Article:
Pricing, valuation of NPAs key to Bad Bank success

Pricing, valuation of NPAs key to Bad Bank success

The disease of Non Performing Assets (NPAs) — loan payments not made for a period of 90 days  and stressed loans in the banking system — is posing a great threat to our economy. The diktat  of the deadline  given by Raghuram Rajan, former RBI governor to the banks to recognise all the bad loans and come out clean by March 31, 2017 is fast approaching without any significant results.

The situation has gone from bad to worse and the economy is sitting on an NPA time bomb, ready to explode. Top 10 corporates are laden with more than Rs 8 lakh crore stressed assets. Some 40% of stressed loans are in infrastructure, power, iron and steel sectors, thus vitiating the banking system and choking the take off of the investment cycle.

The 24 public sector banks (PSBs) have bad loans to the tune of a humongous Rs 6.50 lakh crore. The gross NPAs of PSBs are an alarming 12% of their advances as on December 2016. The solvency ratio of PSBs has crossed 63%, and if provisioning is done for all the NPAs , 63% of banks’ net worth gets wiped out with no funds to lend. This situation is not only dangerous but will  lead to ‘run on the banks’.

Depositors will storm the banks for withdrawing their deposits. There exists twin balance sheet problem, too. Credit Suisse indicates  that as on December 2016, 41% of companies have registered higher interest outgo towards debt servicing  than their earnings.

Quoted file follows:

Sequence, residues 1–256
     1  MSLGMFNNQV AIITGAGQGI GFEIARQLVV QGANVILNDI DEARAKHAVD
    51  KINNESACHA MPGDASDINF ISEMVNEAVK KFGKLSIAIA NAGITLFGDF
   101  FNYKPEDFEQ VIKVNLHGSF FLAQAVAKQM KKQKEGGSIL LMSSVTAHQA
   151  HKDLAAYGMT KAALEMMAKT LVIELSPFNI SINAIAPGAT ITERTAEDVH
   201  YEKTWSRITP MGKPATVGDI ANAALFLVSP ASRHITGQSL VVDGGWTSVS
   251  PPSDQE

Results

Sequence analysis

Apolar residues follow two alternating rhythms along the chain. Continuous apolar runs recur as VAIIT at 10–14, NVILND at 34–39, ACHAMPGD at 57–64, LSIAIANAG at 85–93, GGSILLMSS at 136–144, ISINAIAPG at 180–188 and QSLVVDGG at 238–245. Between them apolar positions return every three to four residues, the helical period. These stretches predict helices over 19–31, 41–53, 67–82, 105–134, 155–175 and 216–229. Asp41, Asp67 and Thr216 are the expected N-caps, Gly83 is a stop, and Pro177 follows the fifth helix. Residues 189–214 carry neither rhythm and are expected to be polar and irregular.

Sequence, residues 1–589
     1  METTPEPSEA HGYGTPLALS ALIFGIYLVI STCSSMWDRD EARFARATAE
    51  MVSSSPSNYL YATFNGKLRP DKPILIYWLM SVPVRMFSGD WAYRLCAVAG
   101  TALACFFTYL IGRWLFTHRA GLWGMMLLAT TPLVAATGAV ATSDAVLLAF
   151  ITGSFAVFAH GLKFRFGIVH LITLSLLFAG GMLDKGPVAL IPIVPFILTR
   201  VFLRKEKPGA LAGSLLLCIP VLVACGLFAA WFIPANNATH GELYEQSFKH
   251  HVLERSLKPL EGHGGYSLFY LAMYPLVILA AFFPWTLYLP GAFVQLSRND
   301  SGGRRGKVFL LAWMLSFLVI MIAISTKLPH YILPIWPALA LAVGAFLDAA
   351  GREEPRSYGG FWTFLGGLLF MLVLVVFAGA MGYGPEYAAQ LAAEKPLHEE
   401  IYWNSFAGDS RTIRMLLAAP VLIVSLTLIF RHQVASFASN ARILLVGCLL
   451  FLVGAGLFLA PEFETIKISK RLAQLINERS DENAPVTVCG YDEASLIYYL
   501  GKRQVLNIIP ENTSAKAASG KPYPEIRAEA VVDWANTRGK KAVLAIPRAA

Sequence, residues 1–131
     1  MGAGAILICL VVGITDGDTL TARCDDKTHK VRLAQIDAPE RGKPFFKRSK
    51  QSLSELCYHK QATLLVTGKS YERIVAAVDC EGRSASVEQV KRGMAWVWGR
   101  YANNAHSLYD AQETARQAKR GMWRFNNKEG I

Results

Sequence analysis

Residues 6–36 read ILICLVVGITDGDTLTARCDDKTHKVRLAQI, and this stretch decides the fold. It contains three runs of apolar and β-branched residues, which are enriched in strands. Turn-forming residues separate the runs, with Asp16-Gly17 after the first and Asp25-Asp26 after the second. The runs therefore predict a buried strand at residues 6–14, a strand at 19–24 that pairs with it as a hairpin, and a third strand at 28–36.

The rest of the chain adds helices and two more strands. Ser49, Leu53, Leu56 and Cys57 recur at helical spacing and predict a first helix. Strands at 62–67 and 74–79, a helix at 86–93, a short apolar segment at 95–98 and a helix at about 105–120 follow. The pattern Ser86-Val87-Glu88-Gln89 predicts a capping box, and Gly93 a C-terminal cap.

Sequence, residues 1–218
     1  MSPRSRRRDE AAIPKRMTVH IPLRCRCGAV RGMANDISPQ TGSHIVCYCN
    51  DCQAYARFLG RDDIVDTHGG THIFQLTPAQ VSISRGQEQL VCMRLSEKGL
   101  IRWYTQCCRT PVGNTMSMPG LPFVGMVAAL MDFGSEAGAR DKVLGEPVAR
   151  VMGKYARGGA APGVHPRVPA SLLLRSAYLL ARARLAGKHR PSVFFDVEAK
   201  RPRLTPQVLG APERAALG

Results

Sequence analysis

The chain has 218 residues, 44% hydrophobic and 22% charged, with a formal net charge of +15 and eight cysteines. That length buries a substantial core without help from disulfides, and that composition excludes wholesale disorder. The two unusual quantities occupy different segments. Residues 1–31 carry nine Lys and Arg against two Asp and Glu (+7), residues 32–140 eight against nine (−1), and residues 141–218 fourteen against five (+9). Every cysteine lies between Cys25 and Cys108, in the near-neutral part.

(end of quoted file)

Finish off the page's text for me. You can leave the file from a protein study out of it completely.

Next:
The entire banking sector requires $100  billion capital infusion to clean up the NPA malice and to comply with the BASAL III standards against an anaemic Rs 10,000 crore provided in the central budget for this year.

In this backdrop of the grave NPA situation, the latest Economic Survey mooted the idea of a ‘Bad Bank’ — its architect being Arvind Subramanian, Chief Economic Adviser. Model visualises the transfer of all the NPAs/stressed assets to the Bad Bank under a special purpose vehicle — public sector asset rehabilitation agency (PARA). This detoxifies the banks with candour and the courage to restart aggressive lending to the credit starved growth sectors.

Funds for PARA will be through government debt and RBIs equity, which will be a strain on the exchequer. The RBI has proved that there is no dearth of ideas — Viral Acharya, the new deputy governor of RBI, floated the concept of establishing two hybrid institutions — private asset management fund (PAMF) and national asset management fund (NAMF),  akin to a Bad Bank to tackle the NPAs on war footing.

The PAMF will deal with stressed assets having ‘value’ of  industries/companies which can be revived and turned into viable units including additional capital/equity if warranted. Under NAMF, the NPA assets are of very sticky industries in telecom, infrastructure and power sectors which are virtually on the chopping block. Capital infusion to these industries will be like pumping oxygen to a dead body.